fbpx

Watch Your Step!

Watch Your Step!

Watch Your Step!

094

Virtually all the entries in this series on running injuries have had one thing in common: the cause(s) can be traced back to some form of overuse, or repetitive stress, pattern. Certainly, these are the overwhelming majority of injuries suffered by runners that I see in clinical practice.

Once in a while, however, I am visited by a runner who has sustained a traumatic injury while running. The most of common of these involve ankle sprains and/or fractures, as well as injuries to other body parts due to falls.

We usually don’t associate traumatic ankle injuries with distance running, as we do with sports such as football, basketball, soccer,lacrosse; essentially, those activities that require lateral and cutting movements,as opposed to the straight-ahead nature of running.  And while this fact may justly indicate a lower risk for such injuries, there are factors that can increase this risk that all runners should be aware of and pay attention to.

First and foremost is the heightened susceptibility to ankle sprains that runners incur when running on uneven terrain.  Soft, grassy fields or golf courses may be appealing in terms of perhaps decreasing ground reaction stress to the body,but most have irregular, even sometimes jagged, surfaces that make it much more risky that an unexpected foot fall will result in a turned ankle.  Trails, such as the popular running routes in Green Lakes State Park,are even more perilous due to hidden tree roots and fallen branches, rocks, or ruts in the ground.

Falls caused by such hazardous environments can also cause injuries to other body parts.  One runner I know has fallen numerous times on icy surfaces and even once fell while running in the early morning and darkness, unexpectedly encountering a recently-departed woodchuck on the shoulder of the road.  (The runner was wearing a reflective vest so as to be visible to cars; the groundhog – not so much.) The subsequent sudden descent caused a severe wrist and finger sprain, while the winter falls most often lead to elbow, hip and knee scrapes.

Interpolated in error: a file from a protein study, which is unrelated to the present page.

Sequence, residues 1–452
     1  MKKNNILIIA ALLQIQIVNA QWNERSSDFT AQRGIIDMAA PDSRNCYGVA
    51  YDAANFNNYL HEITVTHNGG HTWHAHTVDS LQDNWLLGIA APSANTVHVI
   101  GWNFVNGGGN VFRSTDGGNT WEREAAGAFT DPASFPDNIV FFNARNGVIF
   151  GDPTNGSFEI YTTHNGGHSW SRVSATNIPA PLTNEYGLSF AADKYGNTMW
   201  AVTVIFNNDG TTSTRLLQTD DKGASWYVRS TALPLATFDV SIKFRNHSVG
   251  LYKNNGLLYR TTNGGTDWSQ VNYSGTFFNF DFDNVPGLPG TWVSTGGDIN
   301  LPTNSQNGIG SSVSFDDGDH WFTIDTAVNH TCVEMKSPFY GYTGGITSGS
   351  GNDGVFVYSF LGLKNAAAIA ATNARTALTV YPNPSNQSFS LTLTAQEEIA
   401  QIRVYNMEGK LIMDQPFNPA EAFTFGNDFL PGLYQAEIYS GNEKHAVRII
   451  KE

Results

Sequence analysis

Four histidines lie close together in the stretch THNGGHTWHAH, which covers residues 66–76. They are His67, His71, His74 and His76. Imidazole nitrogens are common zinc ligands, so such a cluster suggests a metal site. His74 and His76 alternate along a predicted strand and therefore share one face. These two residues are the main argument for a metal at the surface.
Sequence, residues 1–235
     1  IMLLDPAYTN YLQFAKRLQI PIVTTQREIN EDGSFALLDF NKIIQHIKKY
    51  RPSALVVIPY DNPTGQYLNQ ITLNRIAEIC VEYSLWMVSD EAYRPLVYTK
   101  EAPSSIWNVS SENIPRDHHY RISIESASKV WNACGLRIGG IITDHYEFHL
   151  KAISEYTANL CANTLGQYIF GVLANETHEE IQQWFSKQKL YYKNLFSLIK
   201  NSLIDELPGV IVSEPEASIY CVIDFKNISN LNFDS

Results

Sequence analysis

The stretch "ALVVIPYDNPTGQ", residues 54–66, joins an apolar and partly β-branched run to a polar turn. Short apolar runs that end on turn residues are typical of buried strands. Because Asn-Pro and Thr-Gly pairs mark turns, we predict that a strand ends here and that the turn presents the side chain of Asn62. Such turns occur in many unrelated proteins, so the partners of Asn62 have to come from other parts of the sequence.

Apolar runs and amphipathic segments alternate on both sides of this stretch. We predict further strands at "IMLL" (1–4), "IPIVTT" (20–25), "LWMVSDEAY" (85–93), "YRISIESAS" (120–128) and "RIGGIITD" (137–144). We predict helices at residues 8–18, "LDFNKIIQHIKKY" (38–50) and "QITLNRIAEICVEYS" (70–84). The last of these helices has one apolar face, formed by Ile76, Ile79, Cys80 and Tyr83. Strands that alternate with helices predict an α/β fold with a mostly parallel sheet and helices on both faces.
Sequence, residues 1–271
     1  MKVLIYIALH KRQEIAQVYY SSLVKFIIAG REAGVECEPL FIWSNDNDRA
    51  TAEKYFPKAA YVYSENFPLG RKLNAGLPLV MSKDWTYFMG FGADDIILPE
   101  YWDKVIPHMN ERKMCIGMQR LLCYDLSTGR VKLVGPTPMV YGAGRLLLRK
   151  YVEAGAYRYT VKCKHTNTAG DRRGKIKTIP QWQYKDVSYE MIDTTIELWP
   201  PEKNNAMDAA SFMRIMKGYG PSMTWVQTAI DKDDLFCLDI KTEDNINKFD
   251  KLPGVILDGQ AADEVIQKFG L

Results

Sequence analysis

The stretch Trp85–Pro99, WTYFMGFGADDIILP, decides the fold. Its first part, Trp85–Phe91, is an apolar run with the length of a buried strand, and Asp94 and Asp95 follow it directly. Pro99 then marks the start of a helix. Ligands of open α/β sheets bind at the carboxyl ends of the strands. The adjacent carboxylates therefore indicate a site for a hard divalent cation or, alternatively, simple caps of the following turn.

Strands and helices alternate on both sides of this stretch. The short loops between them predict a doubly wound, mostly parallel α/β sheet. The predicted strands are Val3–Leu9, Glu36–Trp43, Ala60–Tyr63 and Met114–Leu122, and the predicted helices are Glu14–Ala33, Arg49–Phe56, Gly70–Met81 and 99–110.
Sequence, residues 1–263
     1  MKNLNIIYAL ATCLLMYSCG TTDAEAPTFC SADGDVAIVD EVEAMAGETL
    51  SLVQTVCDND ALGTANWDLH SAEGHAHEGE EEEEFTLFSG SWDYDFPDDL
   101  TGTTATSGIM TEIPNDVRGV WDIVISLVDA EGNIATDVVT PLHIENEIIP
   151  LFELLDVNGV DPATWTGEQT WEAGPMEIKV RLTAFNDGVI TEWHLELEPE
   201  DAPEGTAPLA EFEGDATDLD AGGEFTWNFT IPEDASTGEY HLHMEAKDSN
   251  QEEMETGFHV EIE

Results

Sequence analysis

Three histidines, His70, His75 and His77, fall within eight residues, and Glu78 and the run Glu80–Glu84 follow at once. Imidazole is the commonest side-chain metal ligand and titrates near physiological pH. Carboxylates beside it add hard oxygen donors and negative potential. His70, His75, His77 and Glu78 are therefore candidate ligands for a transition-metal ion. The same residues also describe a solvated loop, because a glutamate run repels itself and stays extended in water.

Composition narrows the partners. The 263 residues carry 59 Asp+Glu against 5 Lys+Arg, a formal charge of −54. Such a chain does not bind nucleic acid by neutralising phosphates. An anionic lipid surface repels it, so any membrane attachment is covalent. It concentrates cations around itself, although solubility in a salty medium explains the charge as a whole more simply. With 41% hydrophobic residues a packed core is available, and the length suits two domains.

The objective here is not to review treatment of such injuries, but rather what to do to prevent them.

The following may seem like common sense, but it doesn’t hurt to be more conscious of measures you can take to reduce your risk for these types of injuries.

  • When running on trails or other uneven surfaces, watch your step.  We love running in parks and around lakes for the scenic vistas, but the ground in front of you is where your eyes should be.  Stop and take a break if you want to take in the view.
  • Training with friends in such settings can be part of the pleasure of running, but don’t let conversation distract you from paying attention to the ground.  This is especially true if you are running behind others who may be blocking your view of upcoming hazards.
  • If you run in the dark, I strongly recommend you look into one of the new “Coal-miner” headlamps now on the market.  They are light-weight, comfortable, and surprisingly bright and effective in helping you see the road (and dead or alive hazards) ahead.
  • Snow, ice, and darkness are a recipe for ruin.  If you cannot wear clamp-on devices for traction because part of your route in on clear roads, at least look for shoes that have a “nub” or irregular sole for better grip on the slippery surface.  In any case, run slowly if you’re not feeling secure, especially when on the downhills.

Lastly, I want to emphasize that any traumatic injury that results in significant pain, swelling, bruising, and especially, inability to bear weight or pressure on the injured part should be X-rayed to rule out a bone fracture.  What may seem like a simple sprain often turns out to be something more severe.  Better to be safe than sorry.